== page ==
Minnesota to play Nebraska on the road

Tonight’s game in Lincoln, Neb., is the Gophers’ only true nonconference road game.

Bob Wothe

When Minnesota’s men’s basketball team takes on Nebraska tonight, it will be the biggest game it’ll play for an entire month.

With the likes of Central Michigan (6-24 last year) and Chicago State (12-20) on the horizon, the Big 12’s Nebraska is Minnesota’s most reputable opponent before the Big Ten season starts.

And when the game tips off at the Bob Devaney Sports Center in Lincoln, Neb., at 8 p.m. on national television, the Gophers (3-3) will be playing the Cornhuskers (3-1) in their one and only true nonconference road game – the others were at a neutral site in the Great Alaska Shootout.

So while the Gophers are anxious to get on the floor, they realize it will be an uphill battle.

“We’re all really looking forward to playing a road game in a hostile environment,” senior captain Brent Lawson said. “It’s going to be good for our young guys to get that kind of experience. They haven’t had it yet.”

Three freshmen – Rico Tucker, Spencer Tollackson and Dan Coleman – will be playing in their first Division I road game.

But Tucker said he was not interested in discussing the perils of playing on the road, but rather which style of game would prevail – Nebraska’s slower, Big 12 pace, or the more up-tempo transition game Minnesota would like to play.

“It’s just key for us to start the game with energy and not have so many lapses offensively,” Tucker said. “We need to close out halves and finish stronger.”

Indeed, offensive droughts have been a big problem for Minnesota so far. In each of its last three games, the team has hit 10-minute stretches during the second half in which it scored 10 or fewer points.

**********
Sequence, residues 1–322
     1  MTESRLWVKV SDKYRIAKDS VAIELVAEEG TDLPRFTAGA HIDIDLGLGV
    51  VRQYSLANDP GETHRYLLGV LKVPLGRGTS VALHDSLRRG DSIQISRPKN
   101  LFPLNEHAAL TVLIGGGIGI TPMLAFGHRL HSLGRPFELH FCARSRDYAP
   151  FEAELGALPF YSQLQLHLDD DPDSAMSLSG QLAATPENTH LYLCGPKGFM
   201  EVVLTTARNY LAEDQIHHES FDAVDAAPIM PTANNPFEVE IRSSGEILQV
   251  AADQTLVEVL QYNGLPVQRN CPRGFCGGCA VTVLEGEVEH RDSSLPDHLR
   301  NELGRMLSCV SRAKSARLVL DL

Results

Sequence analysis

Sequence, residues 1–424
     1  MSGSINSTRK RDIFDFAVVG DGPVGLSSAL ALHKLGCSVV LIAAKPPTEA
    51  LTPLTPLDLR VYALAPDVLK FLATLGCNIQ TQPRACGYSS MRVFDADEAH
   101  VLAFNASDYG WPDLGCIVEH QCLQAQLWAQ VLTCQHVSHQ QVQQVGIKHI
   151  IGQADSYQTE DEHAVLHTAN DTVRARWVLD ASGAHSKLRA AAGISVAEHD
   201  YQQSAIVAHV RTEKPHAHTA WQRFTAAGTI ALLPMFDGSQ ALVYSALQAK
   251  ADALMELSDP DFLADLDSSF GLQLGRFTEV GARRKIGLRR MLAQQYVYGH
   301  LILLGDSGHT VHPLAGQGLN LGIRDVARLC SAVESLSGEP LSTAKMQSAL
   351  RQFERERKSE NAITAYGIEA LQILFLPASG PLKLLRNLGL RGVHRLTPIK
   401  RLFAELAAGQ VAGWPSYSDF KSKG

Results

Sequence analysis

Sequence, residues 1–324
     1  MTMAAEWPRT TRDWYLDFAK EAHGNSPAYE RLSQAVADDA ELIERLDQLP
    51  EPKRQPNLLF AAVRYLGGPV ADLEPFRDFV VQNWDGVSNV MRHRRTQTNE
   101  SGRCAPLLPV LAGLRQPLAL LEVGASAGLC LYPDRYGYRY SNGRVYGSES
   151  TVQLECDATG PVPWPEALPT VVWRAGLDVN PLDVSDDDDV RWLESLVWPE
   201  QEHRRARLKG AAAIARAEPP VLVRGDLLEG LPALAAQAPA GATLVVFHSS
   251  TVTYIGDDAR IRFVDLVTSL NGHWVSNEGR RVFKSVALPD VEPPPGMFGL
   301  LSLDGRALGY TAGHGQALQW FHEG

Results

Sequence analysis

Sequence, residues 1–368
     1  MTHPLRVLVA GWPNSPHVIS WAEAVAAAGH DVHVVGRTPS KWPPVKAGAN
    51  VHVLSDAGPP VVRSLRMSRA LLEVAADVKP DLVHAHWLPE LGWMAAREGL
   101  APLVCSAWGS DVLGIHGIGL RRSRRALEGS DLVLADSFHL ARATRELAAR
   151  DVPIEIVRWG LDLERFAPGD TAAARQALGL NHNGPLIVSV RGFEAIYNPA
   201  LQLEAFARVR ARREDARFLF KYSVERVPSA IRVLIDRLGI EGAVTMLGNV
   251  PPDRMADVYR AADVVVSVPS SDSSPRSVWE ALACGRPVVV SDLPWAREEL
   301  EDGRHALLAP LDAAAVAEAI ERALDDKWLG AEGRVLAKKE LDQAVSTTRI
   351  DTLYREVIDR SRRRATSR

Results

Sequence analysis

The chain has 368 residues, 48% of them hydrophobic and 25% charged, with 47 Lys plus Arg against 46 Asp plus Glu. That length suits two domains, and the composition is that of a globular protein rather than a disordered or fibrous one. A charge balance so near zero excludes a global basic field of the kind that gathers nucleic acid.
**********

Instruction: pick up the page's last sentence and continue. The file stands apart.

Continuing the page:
The team lost the first two of those games to Oklahoma and Florida State before finally prevailing after a similar lapse in an uncertain game against Holy Cross.

What Minnesota coach Dan Monson said after the Holy Cross games was certain: The team cannot afford that type of drought against Nebraska.

“It’s mostly a product of the newness of this team, but we know we can’t have as many turnovers,” Monson said. “(Nebraska is) a very aggressive, battle-tested team with a lot of athleticism. So, we’ve got to take care of the ball.”

Monson said Nebraska’s aggressiveness particularly concerns him on the glass, where Nebraska has grabbed approximately 22 more rebounds per game than its opponents.

That’s particularly problematic, because rebounding has not been a strong point for Minnesota: The squad was outrebounded 35-27 by its other Big 12 opponent, Oklahoma.

In all, the team as a whole said it will take its best effort of the year to win at Nebraska.

“We were about 17th in the country two years ago, and we went down there and got embarrassed,” Monson said. “Nebraska plays really hard at home, and we’re going to have to give all our effort to win.”